The Chinese yuan sank to a five-year low as the People’s Bank of China set the onshore yuan midpoint rate at the weakest fixing since April 2011.
The People’s Bank of China set the yuan’s daily reference rate at 6.5314 per dollar, which was even weaker than Tuesday’s onshore closing price. After that, the onshore yuan dropped 0.6 percent to 6.5560 per dollar in Shanghai and offshore yuan dropped 1.1 percent to 6.7310 per dollar in Hong Kong, both are the weakest levels since March 2011.
This is the biggest drop for yuan since Aug.11 devaluation. The gap between offshore and onshore rate widens to as much as 2.5 percent, the biggest level since offshore trading started five years ago.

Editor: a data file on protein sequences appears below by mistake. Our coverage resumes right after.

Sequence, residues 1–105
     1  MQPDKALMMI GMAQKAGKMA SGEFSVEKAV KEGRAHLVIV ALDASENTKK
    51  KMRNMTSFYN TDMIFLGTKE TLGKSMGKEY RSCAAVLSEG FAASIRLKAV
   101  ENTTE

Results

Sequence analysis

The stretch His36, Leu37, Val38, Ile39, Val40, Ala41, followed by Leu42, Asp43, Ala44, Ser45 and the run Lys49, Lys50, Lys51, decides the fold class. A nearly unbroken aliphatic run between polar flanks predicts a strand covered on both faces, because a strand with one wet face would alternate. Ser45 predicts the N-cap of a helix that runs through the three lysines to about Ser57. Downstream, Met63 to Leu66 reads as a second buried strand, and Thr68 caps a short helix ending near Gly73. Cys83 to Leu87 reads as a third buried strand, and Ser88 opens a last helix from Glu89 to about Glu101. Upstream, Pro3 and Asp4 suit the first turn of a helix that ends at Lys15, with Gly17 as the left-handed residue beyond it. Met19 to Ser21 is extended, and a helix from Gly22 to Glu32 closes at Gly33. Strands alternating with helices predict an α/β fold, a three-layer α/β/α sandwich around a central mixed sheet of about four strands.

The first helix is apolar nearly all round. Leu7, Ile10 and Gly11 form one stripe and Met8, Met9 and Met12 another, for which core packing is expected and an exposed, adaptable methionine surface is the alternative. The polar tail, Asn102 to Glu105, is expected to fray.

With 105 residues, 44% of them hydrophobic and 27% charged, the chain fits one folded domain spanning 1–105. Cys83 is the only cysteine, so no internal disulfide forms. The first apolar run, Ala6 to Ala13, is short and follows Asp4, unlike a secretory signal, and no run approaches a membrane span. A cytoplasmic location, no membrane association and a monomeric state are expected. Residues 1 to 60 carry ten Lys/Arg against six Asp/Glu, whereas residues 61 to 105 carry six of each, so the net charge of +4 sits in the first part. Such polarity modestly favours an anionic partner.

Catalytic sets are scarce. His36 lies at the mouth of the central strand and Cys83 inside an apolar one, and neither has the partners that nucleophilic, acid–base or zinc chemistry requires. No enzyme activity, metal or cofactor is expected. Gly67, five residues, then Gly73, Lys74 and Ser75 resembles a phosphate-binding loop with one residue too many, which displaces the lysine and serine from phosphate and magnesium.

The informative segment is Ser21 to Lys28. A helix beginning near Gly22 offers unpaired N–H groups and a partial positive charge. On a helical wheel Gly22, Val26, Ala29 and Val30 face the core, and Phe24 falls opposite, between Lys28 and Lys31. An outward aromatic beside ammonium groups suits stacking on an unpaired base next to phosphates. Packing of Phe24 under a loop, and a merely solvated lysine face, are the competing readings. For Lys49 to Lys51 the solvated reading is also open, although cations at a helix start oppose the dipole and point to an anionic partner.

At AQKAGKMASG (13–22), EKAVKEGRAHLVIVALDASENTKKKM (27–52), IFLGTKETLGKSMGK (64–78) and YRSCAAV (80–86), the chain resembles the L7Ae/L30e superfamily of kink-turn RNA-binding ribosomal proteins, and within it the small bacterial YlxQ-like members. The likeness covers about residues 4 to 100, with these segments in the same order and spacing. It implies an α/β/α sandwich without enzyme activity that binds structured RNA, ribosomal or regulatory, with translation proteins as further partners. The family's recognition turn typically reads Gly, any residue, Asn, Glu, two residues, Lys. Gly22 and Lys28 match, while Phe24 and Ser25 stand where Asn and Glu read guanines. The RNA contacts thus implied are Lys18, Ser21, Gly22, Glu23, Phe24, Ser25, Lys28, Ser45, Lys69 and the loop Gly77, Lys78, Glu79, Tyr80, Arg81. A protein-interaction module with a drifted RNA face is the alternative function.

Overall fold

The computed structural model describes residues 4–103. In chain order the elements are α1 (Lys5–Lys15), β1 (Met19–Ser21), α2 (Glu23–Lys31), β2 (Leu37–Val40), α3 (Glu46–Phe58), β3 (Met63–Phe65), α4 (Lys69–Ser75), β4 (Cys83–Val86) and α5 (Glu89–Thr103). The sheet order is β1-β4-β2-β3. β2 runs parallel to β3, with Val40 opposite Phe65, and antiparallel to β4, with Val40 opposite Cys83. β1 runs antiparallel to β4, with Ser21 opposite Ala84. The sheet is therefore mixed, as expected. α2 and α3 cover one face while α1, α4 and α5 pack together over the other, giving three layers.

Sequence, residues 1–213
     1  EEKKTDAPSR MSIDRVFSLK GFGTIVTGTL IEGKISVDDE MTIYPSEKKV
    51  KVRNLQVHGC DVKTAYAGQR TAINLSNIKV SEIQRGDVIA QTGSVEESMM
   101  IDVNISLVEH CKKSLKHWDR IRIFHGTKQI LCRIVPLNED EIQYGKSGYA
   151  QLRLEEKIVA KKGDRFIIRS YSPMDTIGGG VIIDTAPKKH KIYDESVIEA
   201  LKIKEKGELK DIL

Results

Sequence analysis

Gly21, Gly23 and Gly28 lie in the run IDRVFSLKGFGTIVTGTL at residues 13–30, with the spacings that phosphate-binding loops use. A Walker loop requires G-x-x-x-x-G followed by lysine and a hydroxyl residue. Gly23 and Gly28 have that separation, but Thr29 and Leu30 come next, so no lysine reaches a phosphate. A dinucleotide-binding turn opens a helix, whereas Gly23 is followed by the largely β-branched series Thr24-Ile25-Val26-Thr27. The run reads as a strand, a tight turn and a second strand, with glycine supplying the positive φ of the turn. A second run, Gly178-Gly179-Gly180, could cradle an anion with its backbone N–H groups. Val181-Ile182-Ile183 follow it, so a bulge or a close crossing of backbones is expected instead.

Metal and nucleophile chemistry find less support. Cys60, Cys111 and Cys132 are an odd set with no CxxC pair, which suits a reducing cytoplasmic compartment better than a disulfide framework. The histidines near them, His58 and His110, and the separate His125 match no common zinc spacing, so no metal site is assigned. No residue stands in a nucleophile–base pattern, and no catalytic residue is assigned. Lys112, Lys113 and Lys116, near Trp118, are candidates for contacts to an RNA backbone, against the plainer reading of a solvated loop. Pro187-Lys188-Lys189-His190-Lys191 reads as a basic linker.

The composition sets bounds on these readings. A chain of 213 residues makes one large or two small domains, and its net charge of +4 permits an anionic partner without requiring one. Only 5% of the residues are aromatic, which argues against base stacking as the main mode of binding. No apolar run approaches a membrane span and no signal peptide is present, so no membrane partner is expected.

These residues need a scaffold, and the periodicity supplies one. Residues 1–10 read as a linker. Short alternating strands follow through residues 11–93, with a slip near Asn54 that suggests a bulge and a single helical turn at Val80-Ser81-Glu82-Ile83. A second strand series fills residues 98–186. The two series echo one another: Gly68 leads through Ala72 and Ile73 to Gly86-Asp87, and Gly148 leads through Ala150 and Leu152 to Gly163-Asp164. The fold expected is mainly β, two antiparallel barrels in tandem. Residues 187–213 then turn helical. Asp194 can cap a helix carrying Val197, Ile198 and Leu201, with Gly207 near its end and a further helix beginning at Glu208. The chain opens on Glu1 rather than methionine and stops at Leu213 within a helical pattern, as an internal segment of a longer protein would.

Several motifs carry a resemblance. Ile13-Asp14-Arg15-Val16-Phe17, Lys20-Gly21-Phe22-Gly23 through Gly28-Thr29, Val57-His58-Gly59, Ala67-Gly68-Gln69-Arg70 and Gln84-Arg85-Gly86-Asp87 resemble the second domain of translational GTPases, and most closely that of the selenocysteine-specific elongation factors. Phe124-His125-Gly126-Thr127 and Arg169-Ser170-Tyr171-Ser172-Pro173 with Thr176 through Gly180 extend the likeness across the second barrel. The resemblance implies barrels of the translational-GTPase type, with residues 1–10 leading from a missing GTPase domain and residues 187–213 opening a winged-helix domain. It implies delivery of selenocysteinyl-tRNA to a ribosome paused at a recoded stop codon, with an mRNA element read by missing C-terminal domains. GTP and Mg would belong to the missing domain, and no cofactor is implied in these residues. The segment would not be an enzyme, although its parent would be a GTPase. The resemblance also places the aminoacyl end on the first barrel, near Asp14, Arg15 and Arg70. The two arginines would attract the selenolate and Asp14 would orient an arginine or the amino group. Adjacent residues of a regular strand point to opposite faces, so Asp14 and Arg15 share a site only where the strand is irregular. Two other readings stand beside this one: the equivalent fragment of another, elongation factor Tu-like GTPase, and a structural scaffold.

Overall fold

The widening gap between the onshore and offshore rate shows central bank’s strong intervention in the onshore market to prevent excessive volatility. But the intervention cannot last forever as the intervention cost rise. China kept intervening to stabilized the currency since the sharply devaluation in Aug last year. The central bank lowered the reference rate shows that they allow a depreciating currency.
"The spread between the onshore and offshore yuan has now reached some of the highest levels in the pair's history – a clear indication of both volatility and intervention," said Angus Nicholson, a market strategist at IG.
Economic growth slows may be another reason central bank allow a depreciating currency. A depreciating yuan may help the Chinese economy as it may boost the export, but it may not be a good thing for the rest of the world. Concerns about the continued deprecation of yuan increase, which lead to global stocks decline and commodities selloff this morning.